s. Because the first multicellular organisms were simple, soft organisms lacking bone, shell or other hard body parts, they are not well preserved in the fossil record. One exception may be the
demosponge '' ( Poecilosclerida) File:Geodia barretti.jpg, ''Geodia barretti'' (Tetractinellida) Demosponges (Class Demospongiae) are the most diverse Class (biology), class in the phylum Porifera. They include 76.2% of all species of sponges with nearl ...
, which may have left a chemical signature in ancient rocks. The earliest fossils of multicellular organisms include the contested ''
Grypania ''Grypania'' is an early, tube-shaped fossil from the Proterozoic eon. The organism, with a size over one centimeter and consistent form, could have been a giant bacterium Bacteria (; common noun bacteria, singular bacterium) are a type o ...
spiralis'' and the fossils of the black shales of the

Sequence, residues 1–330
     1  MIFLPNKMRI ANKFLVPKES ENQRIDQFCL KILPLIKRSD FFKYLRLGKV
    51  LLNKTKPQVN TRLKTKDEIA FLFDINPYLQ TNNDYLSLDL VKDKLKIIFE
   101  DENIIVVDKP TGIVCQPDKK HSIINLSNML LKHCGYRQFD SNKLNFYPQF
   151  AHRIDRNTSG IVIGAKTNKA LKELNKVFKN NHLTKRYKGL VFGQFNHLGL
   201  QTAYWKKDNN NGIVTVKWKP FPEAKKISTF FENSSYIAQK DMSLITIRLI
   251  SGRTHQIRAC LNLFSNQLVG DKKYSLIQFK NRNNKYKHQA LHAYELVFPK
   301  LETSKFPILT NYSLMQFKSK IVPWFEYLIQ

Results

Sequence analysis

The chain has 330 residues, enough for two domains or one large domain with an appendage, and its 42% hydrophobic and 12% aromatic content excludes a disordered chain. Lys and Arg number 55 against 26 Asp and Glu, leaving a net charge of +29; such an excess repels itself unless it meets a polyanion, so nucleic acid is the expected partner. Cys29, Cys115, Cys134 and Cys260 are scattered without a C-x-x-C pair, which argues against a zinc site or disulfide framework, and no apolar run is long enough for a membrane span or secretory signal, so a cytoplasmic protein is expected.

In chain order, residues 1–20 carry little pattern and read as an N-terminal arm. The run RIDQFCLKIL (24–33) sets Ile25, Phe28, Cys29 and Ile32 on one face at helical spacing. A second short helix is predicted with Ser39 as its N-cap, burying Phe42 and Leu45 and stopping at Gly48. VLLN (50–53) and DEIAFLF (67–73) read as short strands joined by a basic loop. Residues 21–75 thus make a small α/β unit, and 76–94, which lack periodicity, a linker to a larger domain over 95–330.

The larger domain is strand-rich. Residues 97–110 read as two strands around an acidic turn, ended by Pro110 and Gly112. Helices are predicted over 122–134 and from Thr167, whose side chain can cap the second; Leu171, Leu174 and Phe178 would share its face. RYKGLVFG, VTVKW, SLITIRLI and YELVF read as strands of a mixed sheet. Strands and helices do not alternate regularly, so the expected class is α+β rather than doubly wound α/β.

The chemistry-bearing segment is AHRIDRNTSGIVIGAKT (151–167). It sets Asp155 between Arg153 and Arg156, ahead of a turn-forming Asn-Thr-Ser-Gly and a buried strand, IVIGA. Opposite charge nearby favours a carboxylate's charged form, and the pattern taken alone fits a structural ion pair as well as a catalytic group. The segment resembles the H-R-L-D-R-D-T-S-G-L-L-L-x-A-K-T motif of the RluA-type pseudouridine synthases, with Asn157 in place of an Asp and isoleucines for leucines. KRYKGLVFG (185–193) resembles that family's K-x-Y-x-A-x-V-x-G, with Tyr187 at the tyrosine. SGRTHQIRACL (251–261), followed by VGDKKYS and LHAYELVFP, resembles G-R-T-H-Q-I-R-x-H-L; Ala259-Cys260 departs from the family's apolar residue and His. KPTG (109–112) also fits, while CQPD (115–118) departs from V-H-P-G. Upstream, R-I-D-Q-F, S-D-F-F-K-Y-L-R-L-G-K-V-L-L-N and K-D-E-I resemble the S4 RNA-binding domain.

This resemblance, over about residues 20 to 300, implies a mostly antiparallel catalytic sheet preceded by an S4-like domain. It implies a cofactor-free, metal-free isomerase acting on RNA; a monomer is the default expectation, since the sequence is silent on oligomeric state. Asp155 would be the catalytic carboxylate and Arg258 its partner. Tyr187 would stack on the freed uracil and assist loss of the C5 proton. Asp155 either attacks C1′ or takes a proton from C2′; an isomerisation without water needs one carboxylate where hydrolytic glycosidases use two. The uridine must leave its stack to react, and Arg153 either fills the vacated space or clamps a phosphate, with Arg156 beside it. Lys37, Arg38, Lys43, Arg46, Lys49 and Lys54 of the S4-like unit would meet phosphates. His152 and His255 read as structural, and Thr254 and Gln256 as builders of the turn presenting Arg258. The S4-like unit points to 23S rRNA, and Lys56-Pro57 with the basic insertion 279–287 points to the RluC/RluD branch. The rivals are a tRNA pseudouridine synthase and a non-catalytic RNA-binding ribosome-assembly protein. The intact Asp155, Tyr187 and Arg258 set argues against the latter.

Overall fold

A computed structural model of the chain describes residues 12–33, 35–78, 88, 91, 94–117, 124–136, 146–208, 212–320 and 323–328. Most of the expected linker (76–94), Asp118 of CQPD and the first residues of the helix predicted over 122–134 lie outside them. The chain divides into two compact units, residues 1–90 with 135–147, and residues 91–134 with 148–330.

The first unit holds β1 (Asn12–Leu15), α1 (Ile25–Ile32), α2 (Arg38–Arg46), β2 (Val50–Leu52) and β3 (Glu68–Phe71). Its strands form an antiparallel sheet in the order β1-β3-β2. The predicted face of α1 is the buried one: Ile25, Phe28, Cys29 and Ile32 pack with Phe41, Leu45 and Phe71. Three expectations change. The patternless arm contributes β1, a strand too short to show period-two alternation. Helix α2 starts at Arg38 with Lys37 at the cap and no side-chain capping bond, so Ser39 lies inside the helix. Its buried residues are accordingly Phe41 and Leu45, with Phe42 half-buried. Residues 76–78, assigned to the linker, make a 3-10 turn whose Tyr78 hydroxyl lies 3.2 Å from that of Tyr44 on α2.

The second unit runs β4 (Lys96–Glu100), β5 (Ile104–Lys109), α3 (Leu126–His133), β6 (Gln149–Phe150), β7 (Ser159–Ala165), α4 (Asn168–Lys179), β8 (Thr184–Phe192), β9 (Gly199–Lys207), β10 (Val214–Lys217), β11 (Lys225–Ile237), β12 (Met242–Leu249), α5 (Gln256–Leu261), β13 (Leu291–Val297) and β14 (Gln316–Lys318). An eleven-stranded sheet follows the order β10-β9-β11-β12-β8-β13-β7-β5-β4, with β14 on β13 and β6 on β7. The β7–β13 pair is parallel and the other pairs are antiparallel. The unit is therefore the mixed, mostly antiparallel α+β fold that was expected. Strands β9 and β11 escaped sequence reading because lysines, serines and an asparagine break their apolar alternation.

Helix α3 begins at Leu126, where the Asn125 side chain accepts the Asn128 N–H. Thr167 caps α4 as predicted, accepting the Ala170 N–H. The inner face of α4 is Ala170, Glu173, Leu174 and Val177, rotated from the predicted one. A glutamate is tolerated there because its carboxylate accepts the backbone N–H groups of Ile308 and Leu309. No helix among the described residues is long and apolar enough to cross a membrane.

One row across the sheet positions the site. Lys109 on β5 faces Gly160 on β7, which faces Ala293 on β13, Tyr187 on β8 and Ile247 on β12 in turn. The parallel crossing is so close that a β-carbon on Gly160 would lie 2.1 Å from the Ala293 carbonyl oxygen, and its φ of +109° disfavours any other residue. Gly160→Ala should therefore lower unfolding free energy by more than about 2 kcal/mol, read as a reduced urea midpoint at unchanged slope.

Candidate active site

Palaeoproterozoic The Paleoproterozoic Era (;, also spelled Palaeoproterozoic), spanning the time period from (2.5–1.6  Ga), is the first of the three sub-divisions ( eras) of the Proterozoic Eon. The Paleoproterozoic is also the longest era of the Earth's ...
Francevillian Group Fossil B Formation in
Gabon Gabon (; ), officially the Gabonese Republic (french: République gabonaise), is a country on the west coast of . Located on the , Gabon is bordered by to the northwest, to the north, the on the east and south, and the to the west. It has ...

Gabon
( Gabonionta). The Doushantuo Formation has yielded 600 million year old microfossils with evidence of multicellular traits. Until recently,
phylogenetic In biology Biology is the natural science that studies life and living organisms, including their anatomy, physical structure, Biochemistry, chemical processes, Molecular biology, molecular interactions, Physiology, physiological mechanisms, ...

phylogenetic
reconstruction has been through